Description This tapestry, which depicts a woman at an easel personifying Painting, belonged to Madame de Pompadour. A subtle comment on exchange between media, the work represents one medium (painting) in a different medium (tapestry). When the tapestry was exhibited in 1765, critics marveled at how closely it imitated the painting it reproduced. The philosopher Denis Diderot wrote: “My word, if anyone standing four feet away is able to distinguish between the painting and the tapestry, I would give him both of them.”
Tapestry cleaned in preparation for exhibition; frame repaired.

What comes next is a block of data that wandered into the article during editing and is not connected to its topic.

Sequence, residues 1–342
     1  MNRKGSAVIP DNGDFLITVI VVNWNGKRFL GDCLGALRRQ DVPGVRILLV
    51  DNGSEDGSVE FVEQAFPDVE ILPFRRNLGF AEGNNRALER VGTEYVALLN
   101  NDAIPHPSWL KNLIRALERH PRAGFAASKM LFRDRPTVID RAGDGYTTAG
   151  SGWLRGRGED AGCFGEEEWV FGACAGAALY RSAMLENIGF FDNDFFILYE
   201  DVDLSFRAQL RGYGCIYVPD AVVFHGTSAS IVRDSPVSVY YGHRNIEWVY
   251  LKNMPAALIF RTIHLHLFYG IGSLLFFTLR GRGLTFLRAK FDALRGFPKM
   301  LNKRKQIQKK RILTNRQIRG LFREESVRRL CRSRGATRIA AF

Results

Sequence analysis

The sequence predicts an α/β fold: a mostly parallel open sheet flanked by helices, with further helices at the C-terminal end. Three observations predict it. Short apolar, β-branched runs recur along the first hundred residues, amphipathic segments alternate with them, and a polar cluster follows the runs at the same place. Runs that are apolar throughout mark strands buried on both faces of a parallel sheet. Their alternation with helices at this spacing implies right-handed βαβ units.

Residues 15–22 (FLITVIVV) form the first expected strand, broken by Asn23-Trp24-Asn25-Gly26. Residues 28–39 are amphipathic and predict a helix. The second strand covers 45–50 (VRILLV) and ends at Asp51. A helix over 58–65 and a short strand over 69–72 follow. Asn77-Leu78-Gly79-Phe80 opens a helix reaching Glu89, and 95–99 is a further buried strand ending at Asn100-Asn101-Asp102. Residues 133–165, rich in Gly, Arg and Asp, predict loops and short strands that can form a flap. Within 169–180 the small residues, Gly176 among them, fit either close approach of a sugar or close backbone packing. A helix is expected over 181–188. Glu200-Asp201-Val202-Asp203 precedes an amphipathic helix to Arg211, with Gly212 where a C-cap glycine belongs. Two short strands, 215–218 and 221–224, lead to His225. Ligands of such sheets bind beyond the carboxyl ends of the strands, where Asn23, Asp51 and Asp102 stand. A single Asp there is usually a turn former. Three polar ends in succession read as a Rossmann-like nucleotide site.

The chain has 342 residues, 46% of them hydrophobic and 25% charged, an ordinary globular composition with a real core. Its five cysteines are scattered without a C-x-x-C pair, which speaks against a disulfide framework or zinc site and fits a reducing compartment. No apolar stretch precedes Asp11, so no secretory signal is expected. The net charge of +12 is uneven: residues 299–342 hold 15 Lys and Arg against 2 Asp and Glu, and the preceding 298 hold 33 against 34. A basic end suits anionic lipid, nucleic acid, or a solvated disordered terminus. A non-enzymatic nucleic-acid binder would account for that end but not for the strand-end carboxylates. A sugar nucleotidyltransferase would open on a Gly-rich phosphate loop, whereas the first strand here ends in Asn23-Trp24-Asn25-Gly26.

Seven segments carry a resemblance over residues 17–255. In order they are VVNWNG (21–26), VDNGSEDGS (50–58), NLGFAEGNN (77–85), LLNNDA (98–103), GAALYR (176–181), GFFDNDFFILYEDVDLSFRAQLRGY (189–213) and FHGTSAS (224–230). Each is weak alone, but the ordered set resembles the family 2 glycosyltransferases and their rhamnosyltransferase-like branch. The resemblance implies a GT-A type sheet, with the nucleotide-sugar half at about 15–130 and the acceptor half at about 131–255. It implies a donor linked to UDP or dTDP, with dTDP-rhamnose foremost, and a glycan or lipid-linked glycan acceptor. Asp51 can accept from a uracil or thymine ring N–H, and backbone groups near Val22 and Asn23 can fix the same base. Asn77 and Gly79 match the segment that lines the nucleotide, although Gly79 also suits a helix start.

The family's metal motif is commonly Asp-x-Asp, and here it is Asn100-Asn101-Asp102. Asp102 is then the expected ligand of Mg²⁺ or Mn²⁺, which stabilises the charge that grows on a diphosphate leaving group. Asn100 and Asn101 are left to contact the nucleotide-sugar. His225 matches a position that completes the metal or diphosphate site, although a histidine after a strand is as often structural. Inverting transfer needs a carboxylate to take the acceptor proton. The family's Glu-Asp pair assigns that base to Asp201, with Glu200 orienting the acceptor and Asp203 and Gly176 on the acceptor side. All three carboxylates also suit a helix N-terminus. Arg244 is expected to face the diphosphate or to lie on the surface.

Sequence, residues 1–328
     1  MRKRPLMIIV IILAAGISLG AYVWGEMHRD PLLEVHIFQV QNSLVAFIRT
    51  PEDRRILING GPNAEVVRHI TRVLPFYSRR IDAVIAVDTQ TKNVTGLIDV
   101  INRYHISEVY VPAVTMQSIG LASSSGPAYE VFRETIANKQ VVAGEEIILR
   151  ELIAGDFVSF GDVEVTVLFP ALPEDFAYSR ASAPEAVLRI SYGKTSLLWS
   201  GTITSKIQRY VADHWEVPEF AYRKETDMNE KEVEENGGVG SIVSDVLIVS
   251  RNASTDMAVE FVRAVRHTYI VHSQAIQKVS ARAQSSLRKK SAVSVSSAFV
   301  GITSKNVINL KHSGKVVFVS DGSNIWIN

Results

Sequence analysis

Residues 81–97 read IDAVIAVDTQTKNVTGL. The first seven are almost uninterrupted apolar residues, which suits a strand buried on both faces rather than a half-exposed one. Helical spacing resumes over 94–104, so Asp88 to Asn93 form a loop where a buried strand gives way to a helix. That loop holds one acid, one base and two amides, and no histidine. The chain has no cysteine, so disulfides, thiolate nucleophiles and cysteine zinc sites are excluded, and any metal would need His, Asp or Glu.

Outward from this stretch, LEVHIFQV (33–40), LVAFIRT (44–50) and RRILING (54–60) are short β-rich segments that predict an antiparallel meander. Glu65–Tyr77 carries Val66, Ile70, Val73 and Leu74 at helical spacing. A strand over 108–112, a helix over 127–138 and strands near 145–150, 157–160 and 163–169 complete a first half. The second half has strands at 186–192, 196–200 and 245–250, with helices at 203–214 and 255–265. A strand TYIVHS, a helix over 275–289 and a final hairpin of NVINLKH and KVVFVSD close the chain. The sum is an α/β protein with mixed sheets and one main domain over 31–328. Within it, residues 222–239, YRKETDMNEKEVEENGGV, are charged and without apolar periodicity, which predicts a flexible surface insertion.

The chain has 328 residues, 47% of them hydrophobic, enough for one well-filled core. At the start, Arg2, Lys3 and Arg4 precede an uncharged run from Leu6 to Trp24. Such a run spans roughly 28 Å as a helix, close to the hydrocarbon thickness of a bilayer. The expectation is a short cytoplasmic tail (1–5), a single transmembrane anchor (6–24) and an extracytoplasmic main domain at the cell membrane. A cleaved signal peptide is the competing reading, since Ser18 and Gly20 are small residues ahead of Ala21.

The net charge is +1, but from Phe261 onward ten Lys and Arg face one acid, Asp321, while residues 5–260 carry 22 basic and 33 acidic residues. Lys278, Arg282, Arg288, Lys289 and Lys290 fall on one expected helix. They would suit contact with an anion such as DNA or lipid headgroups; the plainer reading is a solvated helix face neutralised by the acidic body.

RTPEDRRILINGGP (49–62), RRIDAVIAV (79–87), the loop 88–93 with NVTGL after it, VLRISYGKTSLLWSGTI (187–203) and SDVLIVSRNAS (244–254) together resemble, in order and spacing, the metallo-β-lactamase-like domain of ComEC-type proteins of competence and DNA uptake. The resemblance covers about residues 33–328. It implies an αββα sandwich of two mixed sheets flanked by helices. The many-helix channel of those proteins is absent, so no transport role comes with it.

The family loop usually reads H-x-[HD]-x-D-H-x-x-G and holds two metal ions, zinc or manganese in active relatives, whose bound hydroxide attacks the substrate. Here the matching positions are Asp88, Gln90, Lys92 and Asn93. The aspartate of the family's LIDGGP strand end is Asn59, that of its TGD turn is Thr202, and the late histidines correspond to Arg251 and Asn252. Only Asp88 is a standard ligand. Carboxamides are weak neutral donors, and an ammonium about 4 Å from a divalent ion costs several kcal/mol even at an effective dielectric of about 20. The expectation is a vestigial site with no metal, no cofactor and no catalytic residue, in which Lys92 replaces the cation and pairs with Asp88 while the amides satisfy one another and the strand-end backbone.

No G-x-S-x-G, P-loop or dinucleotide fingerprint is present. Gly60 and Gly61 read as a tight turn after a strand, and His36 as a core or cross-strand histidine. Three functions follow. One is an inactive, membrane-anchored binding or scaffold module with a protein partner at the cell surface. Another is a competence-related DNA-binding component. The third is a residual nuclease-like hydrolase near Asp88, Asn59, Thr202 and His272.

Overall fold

Examined in preparation for exhibition.
- Madame de Pompadour, Patron and Printmaker. The Walters Art Museum, Baltimore. 2016.
Provenance Commissioned (?) by Madame de Pompadour; inherited by the Marquis de Marigny, 1764; sale of the Marquis de Marigny, Paris, March 18-April 6 1782, no. 126; purchased by Jean-Baptiste-Pierre Lebrun, 1782; exhibited at the Exposition d'art français du XVIII siecle, 1910, no. 60; sale of Joseph Bardac, Paris, December 9 1927, no. 135; Guerault, Paris [date and mode of acquisition unknown]; purchased by Henry Walters, Paris, 1928; by bequest to Walters Art Museum, 1931.
Inscriptions [Inscription] Carle Van Loo / Cozette exc. 1763
Credit Acquired by Henry Walters, 1928
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